Most themes are correctly identified, but others are missing or incomplete. Most symbols are correctly identified, but some objects are missing or incomplete. Some motifs are correctly identified, but others are missing or incomplete.
Most themes are missing, incomplete, or incorrect. Most symbols are missing, incomplete, or incorrect. Most motifs are missing, incomplete, or incorrect.
No themes, symbols, or motifs are correctly identified.
Examples and Descriptions
Quotes and examples are accurate to the theme(s), symbol(s), and/or motif(s) that are being identified. Descriptions accurately explain the theme(s), symbol(s), and/or motif(s) and highlight their significance to the story.
Most quotes and examples are accurate to the theme(s), symbol(s), and/or motifs that are being identified. Descriptions mostly accurately explain the theme(s), symbol(s), and/or motif(s), and highlight their significance to the story.
Most quotes and examples are minimal, incorrect, or unrelated to the theme(s), symbol(s), and/or motif(s) that are being identified. Descriptions contain inaccuracies in their explanations, or do not highlight their significance to the story.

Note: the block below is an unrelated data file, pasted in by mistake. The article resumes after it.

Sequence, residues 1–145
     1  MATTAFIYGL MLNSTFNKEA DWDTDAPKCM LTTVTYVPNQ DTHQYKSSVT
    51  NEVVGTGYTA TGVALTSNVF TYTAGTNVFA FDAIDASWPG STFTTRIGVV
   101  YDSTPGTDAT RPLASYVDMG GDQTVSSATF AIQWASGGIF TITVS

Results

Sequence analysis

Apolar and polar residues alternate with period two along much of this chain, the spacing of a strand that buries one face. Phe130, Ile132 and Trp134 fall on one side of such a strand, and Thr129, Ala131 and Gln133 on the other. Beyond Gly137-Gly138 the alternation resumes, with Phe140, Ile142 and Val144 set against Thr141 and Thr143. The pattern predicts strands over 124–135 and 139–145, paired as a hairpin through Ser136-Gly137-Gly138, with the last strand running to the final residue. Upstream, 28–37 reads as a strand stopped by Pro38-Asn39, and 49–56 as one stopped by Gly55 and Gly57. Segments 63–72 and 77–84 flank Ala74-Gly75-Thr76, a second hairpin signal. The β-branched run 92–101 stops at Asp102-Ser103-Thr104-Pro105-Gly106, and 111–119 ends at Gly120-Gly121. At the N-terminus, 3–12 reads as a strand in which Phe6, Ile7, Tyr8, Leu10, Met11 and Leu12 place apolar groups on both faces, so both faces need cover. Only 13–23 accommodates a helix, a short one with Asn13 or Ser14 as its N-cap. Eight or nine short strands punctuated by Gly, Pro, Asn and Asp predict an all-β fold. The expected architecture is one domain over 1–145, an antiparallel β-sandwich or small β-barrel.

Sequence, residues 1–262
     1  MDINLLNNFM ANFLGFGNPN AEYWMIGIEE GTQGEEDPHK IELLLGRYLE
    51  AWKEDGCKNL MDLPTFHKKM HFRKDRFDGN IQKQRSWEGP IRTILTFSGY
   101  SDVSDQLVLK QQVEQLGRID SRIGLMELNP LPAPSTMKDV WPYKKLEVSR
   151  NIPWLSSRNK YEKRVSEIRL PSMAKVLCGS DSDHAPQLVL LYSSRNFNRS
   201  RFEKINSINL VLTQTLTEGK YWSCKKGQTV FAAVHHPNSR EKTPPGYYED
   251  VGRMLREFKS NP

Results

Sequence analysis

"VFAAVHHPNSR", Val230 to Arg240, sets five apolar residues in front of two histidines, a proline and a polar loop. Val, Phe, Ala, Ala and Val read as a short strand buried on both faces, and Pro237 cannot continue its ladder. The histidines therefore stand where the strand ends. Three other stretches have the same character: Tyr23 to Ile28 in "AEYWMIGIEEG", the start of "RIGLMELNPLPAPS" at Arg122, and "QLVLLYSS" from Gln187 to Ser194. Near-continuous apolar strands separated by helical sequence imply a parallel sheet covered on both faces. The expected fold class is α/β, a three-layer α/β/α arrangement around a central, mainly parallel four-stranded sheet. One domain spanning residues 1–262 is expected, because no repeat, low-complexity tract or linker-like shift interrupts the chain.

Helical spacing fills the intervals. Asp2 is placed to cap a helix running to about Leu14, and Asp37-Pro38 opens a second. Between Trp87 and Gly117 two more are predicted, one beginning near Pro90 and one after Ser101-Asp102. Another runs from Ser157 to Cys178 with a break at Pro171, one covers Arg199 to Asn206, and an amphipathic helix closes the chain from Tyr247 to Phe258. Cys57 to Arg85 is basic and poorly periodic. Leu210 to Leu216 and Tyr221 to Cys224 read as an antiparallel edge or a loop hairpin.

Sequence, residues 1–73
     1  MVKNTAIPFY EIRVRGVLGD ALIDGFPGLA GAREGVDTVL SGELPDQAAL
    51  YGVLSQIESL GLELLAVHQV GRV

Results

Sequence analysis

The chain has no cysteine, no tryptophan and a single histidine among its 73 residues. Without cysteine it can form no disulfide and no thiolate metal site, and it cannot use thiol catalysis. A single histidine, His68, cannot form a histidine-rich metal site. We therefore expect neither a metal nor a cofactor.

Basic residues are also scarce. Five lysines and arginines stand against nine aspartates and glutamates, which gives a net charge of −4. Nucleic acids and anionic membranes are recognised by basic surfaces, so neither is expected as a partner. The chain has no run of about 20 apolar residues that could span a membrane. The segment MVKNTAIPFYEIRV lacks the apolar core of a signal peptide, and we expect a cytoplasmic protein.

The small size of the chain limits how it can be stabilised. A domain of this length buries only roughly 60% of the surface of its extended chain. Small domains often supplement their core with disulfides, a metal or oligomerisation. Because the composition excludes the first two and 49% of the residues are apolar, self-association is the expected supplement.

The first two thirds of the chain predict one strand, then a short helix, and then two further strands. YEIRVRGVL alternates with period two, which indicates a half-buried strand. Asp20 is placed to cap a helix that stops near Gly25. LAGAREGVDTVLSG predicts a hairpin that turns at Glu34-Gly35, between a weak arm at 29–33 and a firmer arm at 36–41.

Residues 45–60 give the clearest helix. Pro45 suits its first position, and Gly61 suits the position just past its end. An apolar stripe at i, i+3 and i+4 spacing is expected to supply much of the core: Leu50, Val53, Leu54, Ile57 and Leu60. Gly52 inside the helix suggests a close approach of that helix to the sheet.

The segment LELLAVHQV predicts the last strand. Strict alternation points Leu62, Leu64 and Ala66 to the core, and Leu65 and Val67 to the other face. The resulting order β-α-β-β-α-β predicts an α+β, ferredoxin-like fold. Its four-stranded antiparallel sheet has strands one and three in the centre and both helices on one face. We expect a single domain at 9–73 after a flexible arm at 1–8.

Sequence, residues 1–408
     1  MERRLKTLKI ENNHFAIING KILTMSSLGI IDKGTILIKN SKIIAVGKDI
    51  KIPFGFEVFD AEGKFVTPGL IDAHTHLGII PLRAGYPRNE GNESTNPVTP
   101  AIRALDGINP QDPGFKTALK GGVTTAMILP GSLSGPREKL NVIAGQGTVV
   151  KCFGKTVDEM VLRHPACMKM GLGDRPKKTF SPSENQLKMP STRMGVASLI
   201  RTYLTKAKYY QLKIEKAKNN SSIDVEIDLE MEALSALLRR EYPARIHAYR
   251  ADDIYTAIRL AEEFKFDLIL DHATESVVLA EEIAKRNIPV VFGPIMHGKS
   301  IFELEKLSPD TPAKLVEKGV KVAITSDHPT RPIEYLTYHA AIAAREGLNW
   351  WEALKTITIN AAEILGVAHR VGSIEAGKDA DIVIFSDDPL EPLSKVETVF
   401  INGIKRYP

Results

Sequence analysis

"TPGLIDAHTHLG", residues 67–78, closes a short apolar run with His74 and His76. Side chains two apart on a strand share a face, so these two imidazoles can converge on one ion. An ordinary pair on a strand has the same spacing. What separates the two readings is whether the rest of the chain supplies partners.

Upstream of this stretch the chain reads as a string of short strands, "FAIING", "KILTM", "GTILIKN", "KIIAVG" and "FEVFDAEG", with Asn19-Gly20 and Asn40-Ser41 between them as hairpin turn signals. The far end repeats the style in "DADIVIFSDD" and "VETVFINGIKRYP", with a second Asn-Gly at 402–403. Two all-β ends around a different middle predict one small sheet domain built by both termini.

Examples and descriptions are missing or too minimal to score.
Depiction
Depictions chosen for theme(s), symbol(s), and/or motif(s) are accurate to the story and reflect time, effort, thought, and care with regard to placement and creation of the scenes.
Depictions chosen for theme(s), symbol(s), and/or motif(s) are mostly accurate to the story. They reflect time and effort put into placement and creation of the scenes.
Depictions chosen for theme(s), symbol(s), and/or motif(s) are inaccurate to the story. The depictions may be rushed or show minimal effort, time, and care put into placement and creation of the scenes.
Most depictions are missing too many elements or are too minimal to score. Little time or effort has been put into placement and creation of the scenes.
English Conventions
There are no errors in spelling, grammar, or mechanics throughout the storyboard. All writing portions reflect careful proofreading and accuracy to the story.
There are a few errors in spelling, grammar, and mechanics throughout the storyboard. All writing portions show accuracy to the story and some proofreading.
There are several errors in spelling, grammar, and mechanics throughout the storyboard. Most writing portions do not reflect proofreading or accuracy to the story.
Errors in spelling, grammar, and mechanics in writing portions of the storyboard seriously interfere with communication.